As we have addressed the issue of homelessness, public health has been a very important part of, not only how we develop, but how we design affordable housing because we know the impact of high-quality design on people who have lived on the street or been unsheltered. I look forward and think about what we have applied to healthy design and for the well-being of our residents, I feel like we have moved in the right direction.

Despite this pandemic, I don't think we move away from building dense projects. For example, I think about our Rolland Curtis project that we just completed last year that went from a 48 garden-style apartment to 140 units on the same site. But, when you look at how it's physically designed, the quality of the building materials, and the sustainable features that we put into the development, it’s exactly what that community needs as they shelter in place right now.

I compare that to buildings that were perhaps built in the 50s, 60s or even 80s, that were double-loaded corridors that did not bring in natural light or use healthy, lower-quality materials. We have evolved significantly in how we approach design and density to build healthy communities for residents. Going forward, we will give more attention to combining healthy design with density and development.

The role of organizations like Abode Communities is one of equity, making sure that people with lower incomes have access to the same type of quality design and developments as anyone else. We are thinking about the health of those communities as we're building our housing.

While advocates for homeless housing have long advocated healthy-by-design”, do you envision public health and healthy by design being elevated from an ideal to standard practice?

In the affordable housing world, we have gone so far in terms of sustainability, and for us is that is more than energy efficiency. It is around the healthy well being of the community and making sure that we're designing with health in mind. I feel that, as an industry, we are so far ahead that it is top-of-mind in our design, so it’s how that rolls over into market-rate developments.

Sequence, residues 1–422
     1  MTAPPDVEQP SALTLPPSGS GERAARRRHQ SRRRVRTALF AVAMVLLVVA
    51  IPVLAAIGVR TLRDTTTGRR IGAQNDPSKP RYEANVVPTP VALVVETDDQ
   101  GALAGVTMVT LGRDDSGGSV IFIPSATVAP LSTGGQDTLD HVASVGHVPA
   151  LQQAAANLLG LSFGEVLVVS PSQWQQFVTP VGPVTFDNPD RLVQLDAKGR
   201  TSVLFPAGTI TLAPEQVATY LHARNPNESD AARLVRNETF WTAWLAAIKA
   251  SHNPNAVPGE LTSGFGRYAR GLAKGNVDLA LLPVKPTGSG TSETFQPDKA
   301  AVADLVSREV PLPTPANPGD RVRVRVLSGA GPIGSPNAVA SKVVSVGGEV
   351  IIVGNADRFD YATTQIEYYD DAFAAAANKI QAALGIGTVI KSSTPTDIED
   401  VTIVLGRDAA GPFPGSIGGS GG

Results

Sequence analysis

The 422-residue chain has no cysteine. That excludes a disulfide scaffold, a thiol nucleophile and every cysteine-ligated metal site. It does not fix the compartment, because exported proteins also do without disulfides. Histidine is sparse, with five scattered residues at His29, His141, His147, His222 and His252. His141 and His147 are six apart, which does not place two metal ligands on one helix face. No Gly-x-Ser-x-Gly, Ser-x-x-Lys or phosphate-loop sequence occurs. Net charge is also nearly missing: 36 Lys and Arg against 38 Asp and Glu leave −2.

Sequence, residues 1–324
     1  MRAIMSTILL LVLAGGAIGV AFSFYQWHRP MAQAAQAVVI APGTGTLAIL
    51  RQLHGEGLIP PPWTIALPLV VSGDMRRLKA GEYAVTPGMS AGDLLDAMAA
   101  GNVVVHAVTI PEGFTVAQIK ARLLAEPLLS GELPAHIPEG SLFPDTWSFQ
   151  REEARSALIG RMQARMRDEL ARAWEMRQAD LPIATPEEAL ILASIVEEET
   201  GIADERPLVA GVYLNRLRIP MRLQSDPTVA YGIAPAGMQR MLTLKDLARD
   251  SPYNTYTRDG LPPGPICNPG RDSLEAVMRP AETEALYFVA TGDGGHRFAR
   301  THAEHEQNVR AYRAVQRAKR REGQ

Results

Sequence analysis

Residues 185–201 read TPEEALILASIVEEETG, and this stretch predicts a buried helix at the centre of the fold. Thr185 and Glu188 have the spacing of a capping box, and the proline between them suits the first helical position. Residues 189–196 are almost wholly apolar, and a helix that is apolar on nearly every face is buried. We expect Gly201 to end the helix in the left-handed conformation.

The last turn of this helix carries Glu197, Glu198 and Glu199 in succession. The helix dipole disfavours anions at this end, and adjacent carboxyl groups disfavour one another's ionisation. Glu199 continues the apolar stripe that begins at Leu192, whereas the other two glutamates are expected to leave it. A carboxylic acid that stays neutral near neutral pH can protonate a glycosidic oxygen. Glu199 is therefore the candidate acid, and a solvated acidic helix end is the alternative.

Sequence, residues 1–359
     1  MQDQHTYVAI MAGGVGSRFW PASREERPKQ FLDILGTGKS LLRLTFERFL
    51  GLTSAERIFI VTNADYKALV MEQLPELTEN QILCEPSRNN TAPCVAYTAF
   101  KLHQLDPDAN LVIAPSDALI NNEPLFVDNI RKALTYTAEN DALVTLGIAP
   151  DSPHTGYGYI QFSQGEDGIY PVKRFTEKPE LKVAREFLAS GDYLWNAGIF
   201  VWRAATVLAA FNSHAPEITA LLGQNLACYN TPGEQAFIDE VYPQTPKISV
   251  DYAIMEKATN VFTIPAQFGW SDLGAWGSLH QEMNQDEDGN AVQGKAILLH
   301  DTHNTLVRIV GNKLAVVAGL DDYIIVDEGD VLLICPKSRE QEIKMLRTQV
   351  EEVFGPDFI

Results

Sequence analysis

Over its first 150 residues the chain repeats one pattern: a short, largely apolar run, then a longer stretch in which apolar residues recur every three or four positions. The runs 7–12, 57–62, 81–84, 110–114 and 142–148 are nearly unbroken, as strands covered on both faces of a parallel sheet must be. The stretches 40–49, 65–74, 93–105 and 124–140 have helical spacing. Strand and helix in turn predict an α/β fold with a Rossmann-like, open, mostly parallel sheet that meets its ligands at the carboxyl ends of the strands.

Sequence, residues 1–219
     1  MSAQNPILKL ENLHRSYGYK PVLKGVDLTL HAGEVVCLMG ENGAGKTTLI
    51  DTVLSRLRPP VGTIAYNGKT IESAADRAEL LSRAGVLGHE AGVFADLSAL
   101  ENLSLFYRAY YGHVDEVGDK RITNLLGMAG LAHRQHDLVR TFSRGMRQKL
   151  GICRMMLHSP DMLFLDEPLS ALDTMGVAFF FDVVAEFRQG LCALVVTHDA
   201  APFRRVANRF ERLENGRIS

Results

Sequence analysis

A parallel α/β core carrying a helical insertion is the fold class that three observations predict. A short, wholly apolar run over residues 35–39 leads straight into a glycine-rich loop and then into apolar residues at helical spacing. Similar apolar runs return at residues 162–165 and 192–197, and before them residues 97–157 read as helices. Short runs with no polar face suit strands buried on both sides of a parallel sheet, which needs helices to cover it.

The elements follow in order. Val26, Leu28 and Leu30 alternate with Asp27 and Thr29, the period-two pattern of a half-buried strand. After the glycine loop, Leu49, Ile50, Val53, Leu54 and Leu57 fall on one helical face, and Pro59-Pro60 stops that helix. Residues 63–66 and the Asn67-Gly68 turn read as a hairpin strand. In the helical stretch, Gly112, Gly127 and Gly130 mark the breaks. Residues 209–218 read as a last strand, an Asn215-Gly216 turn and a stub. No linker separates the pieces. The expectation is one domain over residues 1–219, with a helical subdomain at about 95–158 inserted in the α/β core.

More than likely, we will see—in Los Angeles for example—the push for building healthy communities coming from the City Planning Commission or city planning. 

Lastly, as one of the most revered and experienced affordable housing developers in the country, and you've had a lot of time to think about the issues and challenges. How are you coping with a pandemic affecting everything you do, including your own health, those who are working with you, and those who are served by your housing. How are you handling this?

This has probably been the most challenging time in my life and my career. I wake up every day grateful that my family is safe and able to shelter in place in our beautiful home. I think about our employees and want to make sure that they're safe and able to manage emotionally and spiritually; people are being asked to do a lot in their homes right now. I think about our residents, and I want to make sure that we're doing everything that we possibly can as an organization to make sure that they remain housed during this time.

Then crazy alarm goes off reminding me that I also have to make sure that this organization is still here a year from now. It's been incredibly stressful and challenging, but I have to say I have a wonderful team, and they always remind me that we're in this together. Not one of us has to take on the full burden, and it’s been really great to really see how our team has come together to get us through this crisis.

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© 2020 The Planning Report | David Abel, Publisher, ABL, Inc.